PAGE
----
But he also said that an attack with such a highly toxic chemical weapon was "probably only within the capabilities of a state actor," and there was no possibility that Porton Down was involved.
"It's our job to provide the scientific evidence that identifies what the particular nerve agent is," he said. "But it's not our job to say where that was actually manufactured."
Aitkenhead told Sky News that the British government's conclusion it was "highly likely" that Russia was behind the poisonings was made after his lab concluded that Novichok, a nerve agent Moscow developed during the Cold War, was used.
He said his Porton Down laboratory "provided the scientific information to the government, who have then used a number of other sources to piece together the conclusions that they have come to."
Russia has charged that the Porton Down facility could have made the Novichok.
Speaking during a visit to Ankara, Putin said the British official's statement showed the need for an international investigation into the poisoning of the Skripals.
"We want a thorough investigation. We would like to take part in it, and we count on receiving relevant materials as the issue involves citizens of the Russian Federation," Putin said.
Putin repeated Russia's claim that the nerve agent could have been produced by some 20 nations using materials that are available on the open market.
Putin asserted that Aitkenhead's statement provided evidence that British accusations of Russian involvement in the poisoning -- which led to the West's expulsion of more than 150 Russian diplomatic staff over the incident -- were unfounded.
"The speed at which the anti-Russian campaign was launched causes bewilderment," said Putin, who responded to the Western expulsions by throwing a similar number of Western diplomatic staff out of Russia.
Putin's spokesman, Dmitry Peskov, said that, after Aitkenhead's statement, Britain should apologize for what he called "mad accusations" that "have no foundation whatsoever."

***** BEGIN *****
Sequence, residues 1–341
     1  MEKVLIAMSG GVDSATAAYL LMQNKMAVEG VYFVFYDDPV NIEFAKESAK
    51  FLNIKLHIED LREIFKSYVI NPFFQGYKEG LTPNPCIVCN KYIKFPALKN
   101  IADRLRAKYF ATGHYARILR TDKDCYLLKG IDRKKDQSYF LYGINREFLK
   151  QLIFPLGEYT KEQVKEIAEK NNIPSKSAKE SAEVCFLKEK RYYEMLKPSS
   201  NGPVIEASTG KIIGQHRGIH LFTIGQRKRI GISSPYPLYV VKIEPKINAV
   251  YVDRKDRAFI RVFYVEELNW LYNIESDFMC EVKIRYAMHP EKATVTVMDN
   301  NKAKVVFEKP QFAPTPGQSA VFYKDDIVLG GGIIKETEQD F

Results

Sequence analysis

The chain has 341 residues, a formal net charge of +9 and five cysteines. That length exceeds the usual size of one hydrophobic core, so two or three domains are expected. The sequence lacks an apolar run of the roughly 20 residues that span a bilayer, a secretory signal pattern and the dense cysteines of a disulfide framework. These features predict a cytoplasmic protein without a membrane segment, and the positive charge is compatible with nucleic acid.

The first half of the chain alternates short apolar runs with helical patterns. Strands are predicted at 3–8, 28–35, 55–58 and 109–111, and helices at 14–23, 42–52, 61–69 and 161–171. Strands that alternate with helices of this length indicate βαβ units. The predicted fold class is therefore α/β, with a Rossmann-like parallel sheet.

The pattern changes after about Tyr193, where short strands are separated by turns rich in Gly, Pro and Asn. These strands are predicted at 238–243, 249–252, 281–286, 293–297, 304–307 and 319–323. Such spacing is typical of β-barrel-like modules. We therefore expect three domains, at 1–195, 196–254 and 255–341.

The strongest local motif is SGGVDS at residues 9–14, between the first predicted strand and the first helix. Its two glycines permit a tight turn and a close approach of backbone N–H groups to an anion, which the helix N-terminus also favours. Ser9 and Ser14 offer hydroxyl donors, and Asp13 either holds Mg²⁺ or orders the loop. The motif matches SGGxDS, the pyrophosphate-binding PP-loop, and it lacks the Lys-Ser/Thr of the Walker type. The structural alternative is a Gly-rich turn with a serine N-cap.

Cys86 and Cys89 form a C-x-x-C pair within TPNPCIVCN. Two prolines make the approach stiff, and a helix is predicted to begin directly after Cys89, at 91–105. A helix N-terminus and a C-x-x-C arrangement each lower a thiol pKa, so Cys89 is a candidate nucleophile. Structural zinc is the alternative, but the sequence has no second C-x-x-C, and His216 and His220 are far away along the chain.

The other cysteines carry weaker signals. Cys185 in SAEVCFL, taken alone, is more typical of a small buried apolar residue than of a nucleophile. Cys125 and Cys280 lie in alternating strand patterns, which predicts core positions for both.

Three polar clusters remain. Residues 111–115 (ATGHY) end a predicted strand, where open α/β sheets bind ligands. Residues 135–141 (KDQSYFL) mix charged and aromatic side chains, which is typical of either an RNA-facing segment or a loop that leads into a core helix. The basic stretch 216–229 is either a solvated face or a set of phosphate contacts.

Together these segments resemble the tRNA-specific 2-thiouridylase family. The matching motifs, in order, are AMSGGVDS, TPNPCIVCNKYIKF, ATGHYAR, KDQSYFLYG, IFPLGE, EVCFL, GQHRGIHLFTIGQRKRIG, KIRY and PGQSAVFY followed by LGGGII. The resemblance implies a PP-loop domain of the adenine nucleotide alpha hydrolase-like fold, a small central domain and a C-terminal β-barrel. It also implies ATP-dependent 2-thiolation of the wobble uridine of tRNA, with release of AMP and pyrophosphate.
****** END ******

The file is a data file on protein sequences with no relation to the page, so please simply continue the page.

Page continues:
"The idiocy has gone too far," Peskov said.
The chief of Russia's foreign intelligence agency (SVR), Sergei Naryshkin, claimed at a security conference in Moscow on April 4 that the Skripal case was a "grotesque provocation" staged by U.S. and British security services.
'Brazen' And 'Reckless' Act
A U.K. government spokesman said on April 3 that London's conclusion that Russia was behind the poisonings was based in part on Russia's history of investigating ways to use nerve agents in assassinations, its record of state-sponsored assassinations, its stockpile of small quantities of Novichok, and its previous targeting of former Russian intelligence officers.
"It is our assessment that Russia was responsible for this brazen and reckless act and, as the international community agrees, there is no other plausible explanation," the spokesman said.
Yury Filatov, Russia's ambassador to Ireland, said Moscow was demanding that Britain provide "every possible element of evidence" it has on the poisonings at the OPCW meeting on April 4.
If the United Kingdom does not show more evidence, he said, "there are ample grounds to assume that we are dealing with a grand scale provocation organized in London aimed to discredit Russia."
Sergei Skripal remained hospitalized in critical condition on April 3, while Yulia Skripal's condition has improved.
Skripal was a colonel in Russia’s military intelligence agency until he was arrested and charged with spying for Britain.
He was released in a 2010 spy swap and moved to Britain.